### CS30 - Spring 2016 - Class 21

#### Example code in this lecture

matrix_aliasing.py

#### Lecture notes

• classes next semester

• assignment 8 solution review

- init
- there's a difference between how we're storing the board and how we display the board
- we're storing a matrix of entries that have one of two things
- integer (if it's been filled in)
- list of integer if it hasn't been
- we can display this any way we want
- __str__ does it in a "pretty" way by only displaying the filled in entries
- get_raw_string prints out all of the information

- look at matrix_aliasing.py code
- there are 6 different examples that create matrices with the rows [1,2,3]
- which are correct?
- semi-correct: when we print it out it looks correct
- fully-correct: each row is independent and changing one doesn't affect the others
- we can test semi-correctness by running them all and printing them out
- look at the print_out_all function in matrix_aliasing.py code
- creates a list of functions called "functions"
- remember, functions are just like any other type
- we can refer to them by using their name without the parenthesis (with the parenthesis calls that function)
- functions[i] references entry i in the function list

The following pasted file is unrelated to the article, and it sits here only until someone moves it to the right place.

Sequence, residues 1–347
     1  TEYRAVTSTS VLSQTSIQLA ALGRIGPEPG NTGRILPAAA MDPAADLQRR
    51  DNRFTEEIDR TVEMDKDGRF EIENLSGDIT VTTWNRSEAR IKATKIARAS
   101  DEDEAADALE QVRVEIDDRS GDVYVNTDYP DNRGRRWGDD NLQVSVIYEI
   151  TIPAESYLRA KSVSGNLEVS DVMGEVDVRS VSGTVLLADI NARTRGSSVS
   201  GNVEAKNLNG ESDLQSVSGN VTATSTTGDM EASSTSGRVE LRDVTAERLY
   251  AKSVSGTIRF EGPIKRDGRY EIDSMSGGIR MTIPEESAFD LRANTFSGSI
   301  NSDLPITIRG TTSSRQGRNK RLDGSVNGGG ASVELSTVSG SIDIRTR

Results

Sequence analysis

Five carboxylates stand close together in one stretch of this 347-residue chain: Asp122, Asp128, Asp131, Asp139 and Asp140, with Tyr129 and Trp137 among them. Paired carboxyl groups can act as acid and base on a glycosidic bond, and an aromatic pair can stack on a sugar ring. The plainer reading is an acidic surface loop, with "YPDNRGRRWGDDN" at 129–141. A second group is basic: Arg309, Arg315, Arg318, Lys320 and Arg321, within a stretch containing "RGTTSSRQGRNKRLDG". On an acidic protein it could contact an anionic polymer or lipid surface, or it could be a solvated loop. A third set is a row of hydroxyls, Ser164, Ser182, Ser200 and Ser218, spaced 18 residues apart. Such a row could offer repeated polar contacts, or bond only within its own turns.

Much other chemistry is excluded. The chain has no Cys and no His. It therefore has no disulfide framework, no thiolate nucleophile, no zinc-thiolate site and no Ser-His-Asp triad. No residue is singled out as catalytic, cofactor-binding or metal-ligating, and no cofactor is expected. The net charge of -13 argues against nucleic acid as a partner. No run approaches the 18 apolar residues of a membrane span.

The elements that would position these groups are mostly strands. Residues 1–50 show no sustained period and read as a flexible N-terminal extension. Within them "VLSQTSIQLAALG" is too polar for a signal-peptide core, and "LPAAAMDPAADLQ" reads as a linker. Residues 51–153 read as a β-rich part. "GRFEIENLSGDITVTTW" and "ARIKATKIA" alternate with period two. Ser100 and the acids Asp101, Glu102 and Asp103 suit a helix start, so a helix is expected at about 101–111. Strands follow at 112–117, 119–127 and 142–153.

- and we call that function with parameter 3: functions[i](3)
- this is the same as if we'd done:
f = functions[i]
f(3)
- all of them look like they're working correctly
- what does test_all do?
- creates a matrix using each method
- mutates (i.e. changes) the first entry to be 100
- checks if that changed more than just the first entry (in this case, the second row, first column)
- if we run test_all we see:
Testing create_matrix1: Passed! :)
Testing create_matrix2: Failed aliasing :(
Testing create_matrix3: Passed! :)
Testing create_matrix4: Passed! :)
Testing create_matrix5: Failed aliasing :(
Testing create_matrix6: Failed aliasing :(
- why did 2, 5 and 6 not pass and 1, 3 and 4 pass?
- 1, 3 and 4 all create NEW lists for each row
- 3: range creates a new list
- 4: row[:] copies the list, creating a new list
- 2, 5 and 6 result in a matrix where all of the rows references the SAME list

- a couple of simple checks for init to avoid aliasing:
- do the example in the assignment and make sure it works
- this won't check for aliasing, but it will check that the right information is there
- change an entry in the board and make sure only that entry changes:
>>> s = SudokuState()
>>> s.board[0][0][0] = 100
>>> print s.get_raw_string()

- test each method individually
- look at the examples from assignment 8 about how to do this
- try and isolate the one method you're working on as much as possible
- don't move on and code any of the other methods until you're *very* confident that method works correctly

- think about what each method is doing and how you might use that in other methods

- if your code doesn't work, put in print statements to understand *why* it's not working
- try and isolate the point at which the code does something that you don't expect

- look at starter

- run a few examples through the code
- look at what the boards look like after being setup, but before solving